Kadish and Trainor wrote "All About That Bass" in 2013.[17] After various record labels declined to have their artists record the song,[10] Trainor recorded the song herself in September that year, and performed it on the ukulele for Epic Records chairman L.A. Reid in February 2014, which immediately led to her signing a deal with the label.[31] Trainor hired Troy Carter as her manager.[25] "All About That Bass" was released on June 30, 2014,[32] and its music video became a viral hit.[33] "All About That Bass" reached number one in 58 countries and became one of the best-selling singles of all time, with worldwide sales of 11 million units as of December 2014.[34]

"All About That Bass" preceded Trainor's debut extended play (EP), Title, released on September 9, 2014.[35] It was composed entirely by Trainor and Kadish,[36] and peaked at number 15 on the Billboard 200 and number 17 on the Canadian Albums Chart.[37][38] Trainor released her second single, "Lips Are Movin" on October 21, 2014.[39] The song's music video was commissioned by Hewlett-Packard, who included Trainor as part of a promotional campaign for their HP Pavilion product.[40] The single peaked at number four on the Billboard Hot 100,[41] making her the fifth female artist to follow up her chart-topping debut hit with another top 5 single.[42] "Lips Are Movin" also reached the top 10 in Australia,[43] Canada,[44] and New Zealand.[45] In November 2014, she appeared as a guest mentor on the seventh season of American series The Voice.[46] Trainor was listed as the fourth most Trending Music Artist in Google's Year in Search for 2014.[47] Billboard ranked her as the fourth Top New Artist of the year,[48] and placed her 12th on their own 21 Under 21 2014 list.[49]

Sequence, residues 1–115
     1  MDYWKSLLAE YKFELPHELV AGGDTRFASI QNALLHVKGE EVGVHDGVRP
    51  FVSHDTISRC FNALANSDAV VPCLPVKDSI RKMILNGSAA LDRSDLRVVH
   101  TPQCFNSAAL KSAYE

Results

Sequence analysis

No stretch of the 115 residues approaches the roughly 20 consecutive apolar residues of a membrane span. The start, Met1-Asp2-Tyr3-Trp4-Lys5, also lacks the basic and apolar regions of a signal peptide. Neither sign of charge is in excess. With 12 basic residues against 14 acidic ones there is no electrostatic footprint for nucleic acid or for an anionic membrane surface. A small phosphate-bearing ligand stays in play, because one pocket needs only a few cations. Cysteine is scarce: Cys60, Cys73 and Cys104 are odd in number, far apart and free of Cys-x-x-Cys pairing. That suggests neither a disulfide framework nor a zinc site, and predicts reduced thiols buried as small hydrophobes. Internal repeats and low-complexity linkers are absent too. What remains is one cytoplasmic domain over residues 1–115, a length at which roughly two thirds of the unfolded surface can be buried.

Sony Music Entertainment requested that Trainor's current publisher, Big Yellow Dog Music, pull Trainor's three self-released albums from circulation in the build-up to her major label debut, Title.[15] As a result, Title is recognized as Trainor's debut studio album.[50][51] It acts as a full-length replacement of her EP of the same name,[52] and was released on January 9, 2015.[53] The album debuted atop the U.S. Billboard 200,[54] making her the 13th female artist with a debut number 1 song and album.[42] On March 3, Trainor released the third single from the album called "Dear Future Husband",[55] which eventually peaked within the Hot 100 top 20. Trainor featured in Charlie Puth's first single "Marvin Gaye" which released also in March 2015.[56] Her next single, "Like I'm Gonna Lose You" featuring John Legend, became her second number-one on the Australian Singles Chart[57] and third top 10 on the Billboard Hot 100.[58] Trainor's first headlining concert tour, That Bass Tour, began on February 11, 2015, with Australian band Sheppard as the opening act.[59] The album was to be further promoted through the MTrain Tour, with Charlie Puth and Life of Dillon as opening acts. It was set to begin on Friday, July 3, 2015.[60] However, around that time or shortly afterward, in July 2015 (the online article did not specify a specific time) she was diagnosed with a vocal cord hemorrhage- a potentially serious but somewhat common event among singers, and was ordered by her medical team to undergo complete vocal rest, which has meant the cancellation or long delay of at least the first two dates in the MTrain Tour: a Friday performance of July 3, 2015 at the Borgata in Atlantic City, New Jersey, and the following Saturday night, the Fourth of July (Independence Day), at the Mohegan Sun, in Uncasville, Connecticut.[61] On August 11, 2015, Trainor announced via social media that she was canceling the remainder of her North American tour due to further vocal cord hemorrhaging and would seek surgery "to finally fix this once and for all."[62] On July 28, 2015, it was announced that Trainor was writing a song for The Peanuts Movie soundtrack, entitled "Better When I'm Dancin'", which would be sung by herself.[63][64] "Better When I'm Dancin'", released with an accompanying music video, is also featured on Just Dance 2016's new subscription platform, Just Dance Unlimited.[65] In August 2015, Trainor co-wrote Rascal Flatts' single "I Like the Sound of That".[66] On October 30, 2015, Trainor appeared on Undateable as the musical guest. She also made a cameo appearance as a customer named Meghan.[67] In late 2015, American singer Who Is Fancy released the single "Boys Like You", featuring Trainor and Ariana Grande.[68] Title was the ninth best-selling album of 2015 worldwide, with 1.8 million copies sold according to IFPI.[69]